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How to Tell Your Boss That You Are Sick

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Calling in sick to work -- or "calling out," depending on your company's lingo -- is never a fun task. Whether you are legitimately sick or simply in need of a day off, you may be wary of the third degree from your boss. Much depends on your history of calling in sick and how frequently you have done it. If you're known for calling in sick multiple times, you could suffer even more scrutiny from your boss. Another factor to consider is how heavy the anticipated work load is for the day and how much of a bind your co-workers will be in due to your absence. Keeping the call simple is the best method, regardless of your situation.

Notify your boss as soon as possible. Your management -- and co-workers -- will appreciate it if you give them ample time to adjust to your absence. This applies not only to phone calls but also in person notifications, if you happen to fall ill while at work.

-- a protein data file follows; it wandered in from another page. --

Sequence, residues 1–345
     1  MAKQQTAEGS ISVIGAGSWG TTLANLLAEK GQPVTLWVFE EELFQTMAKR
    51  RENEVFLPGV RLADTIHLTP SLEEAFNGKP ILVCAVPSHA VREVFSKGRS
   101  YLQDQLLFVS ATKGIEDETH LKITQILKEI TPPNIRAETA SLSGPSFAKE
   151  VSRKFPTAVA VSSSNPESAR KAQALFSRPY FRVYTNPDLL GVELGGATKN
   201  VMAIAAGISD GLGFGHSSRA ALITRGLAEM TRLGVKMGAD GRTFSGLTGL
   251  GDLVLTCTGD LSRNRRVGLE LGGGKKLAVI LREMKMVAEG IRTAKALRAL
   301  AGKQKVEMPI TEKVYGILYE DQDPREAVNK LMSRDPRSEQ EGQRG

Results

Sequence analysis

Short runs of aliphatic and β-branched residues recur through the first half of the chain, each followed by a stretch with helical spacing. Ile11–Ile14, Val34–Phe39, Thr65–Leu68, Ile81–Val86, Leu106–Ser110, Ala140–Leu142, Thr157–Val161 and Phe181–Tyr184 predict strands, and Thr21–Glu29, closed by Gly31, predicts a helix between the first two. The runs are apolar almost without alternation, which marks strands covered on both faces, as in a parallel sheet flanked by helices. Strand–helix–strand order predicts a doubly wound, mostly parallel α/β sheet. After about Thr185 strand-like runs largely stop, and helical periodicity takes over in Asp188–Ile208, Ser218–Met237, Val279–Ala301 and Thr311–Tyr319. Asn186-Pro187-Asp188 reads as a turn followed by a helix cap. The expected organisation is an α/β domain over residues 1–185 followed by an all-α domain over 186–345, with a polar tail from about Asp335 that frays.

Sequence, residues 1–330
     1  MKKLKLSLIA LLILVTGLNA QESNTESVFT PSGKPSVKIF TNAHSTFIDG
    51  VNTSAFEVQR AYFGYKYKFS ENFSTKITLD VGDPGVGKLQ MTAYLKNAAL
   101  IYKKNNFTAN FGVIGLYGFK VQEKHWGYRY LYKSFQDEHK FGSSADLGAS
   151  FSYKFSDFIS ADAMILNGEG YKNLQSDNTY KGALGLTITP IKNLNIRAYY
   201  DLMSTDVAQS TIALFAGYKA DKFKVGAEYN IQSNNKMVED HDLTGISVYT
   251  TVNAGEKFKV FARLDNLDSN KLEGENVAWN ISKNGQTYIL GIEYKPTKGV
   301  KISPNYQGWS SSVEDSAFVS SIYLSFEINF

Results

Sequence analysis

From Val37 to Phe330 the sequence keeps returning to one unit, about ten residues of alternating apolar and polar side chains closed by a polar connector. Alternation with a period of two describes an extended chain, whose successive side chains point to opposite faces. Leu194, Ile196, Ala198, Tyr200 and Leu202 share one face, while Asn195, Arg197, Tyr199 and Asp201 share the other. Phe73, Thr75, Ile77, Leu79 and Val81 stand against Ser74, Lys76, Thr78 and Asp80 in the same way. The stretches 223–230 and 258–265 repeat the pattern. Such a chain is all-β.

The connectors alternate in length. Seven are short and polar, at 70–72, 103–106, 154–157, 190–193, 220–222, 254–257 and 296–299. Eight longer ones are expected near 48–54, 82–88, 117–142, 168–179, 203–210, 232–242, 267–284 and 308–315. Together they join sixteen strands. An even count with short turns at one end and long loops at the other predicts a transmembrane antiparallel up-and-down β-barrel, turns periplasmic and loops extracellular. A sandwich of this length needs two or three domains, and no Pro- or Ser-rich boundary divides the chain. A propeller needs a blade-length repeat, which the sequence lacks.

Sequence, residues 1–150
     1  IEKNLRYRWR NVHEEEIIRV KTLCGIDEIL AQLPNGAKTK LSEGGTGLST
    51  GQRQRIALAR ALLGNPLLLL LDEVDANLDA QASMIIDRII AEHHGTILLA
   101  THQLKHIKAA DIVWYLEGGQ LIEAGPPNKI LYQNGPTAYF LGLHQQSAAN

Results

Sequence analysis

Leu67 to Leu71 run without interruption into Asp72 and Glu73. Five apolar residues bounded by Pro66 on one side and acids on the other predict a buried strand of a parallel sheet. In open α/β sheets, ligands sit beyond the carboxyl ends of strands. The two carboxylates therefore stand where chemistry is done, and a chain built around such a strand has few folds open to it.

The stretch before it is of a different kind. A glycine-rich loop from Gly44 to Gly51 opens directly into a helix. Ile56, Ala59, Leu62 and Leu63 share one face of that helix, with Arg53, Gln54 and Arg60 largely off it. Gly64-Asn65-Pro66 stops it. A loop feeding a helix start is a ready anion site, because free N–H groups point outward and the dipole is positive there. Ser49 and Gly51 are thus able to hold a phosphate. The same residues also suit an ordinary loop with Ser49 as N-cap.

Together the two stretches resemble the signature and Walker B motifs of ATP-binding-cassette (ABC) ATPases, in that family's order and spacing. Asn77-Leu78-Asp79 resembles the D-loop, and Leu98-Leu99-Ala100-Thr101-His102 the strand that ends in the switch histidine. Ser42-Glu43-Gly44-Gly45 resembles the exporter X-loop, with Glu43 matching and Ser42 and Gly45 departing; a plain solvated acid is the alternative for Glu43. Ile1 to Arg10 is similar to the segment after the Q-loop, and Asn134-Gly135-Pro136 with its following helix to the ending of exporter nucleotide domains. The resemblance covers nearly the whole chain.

Explain how your illness could adversely affect your job performance. If the boss thinks that you are able to work but choose not to, your conversation will be more awkward. The more your boss understands that you genuinely need to be at home, the smoother the conversation will go.

Keep it brief. If you are expecting your boss to doubt the legitimacy of your claim to being sick, it is tempting to overdo it by giving her details she doesn't need to know. However, this can backfire, as she might think that you are being dramatic for effect.

Speak directly to your boss. Although you may be tempted to choose the easiest route, emails and phone messages are not recommended as they may cause your boss to question your credibility. Not connecting directly with the boss gives the appearance that you have something to hide.

About the Author

Dave Stanley has covered sports, music and hard news since 2000. He has been published on CBSSports.com and various other websites. Stanley is also a feature writer for "WhatsUp!" magazine in Bellingham, Wash. He studied journalism at the University of Memphis.

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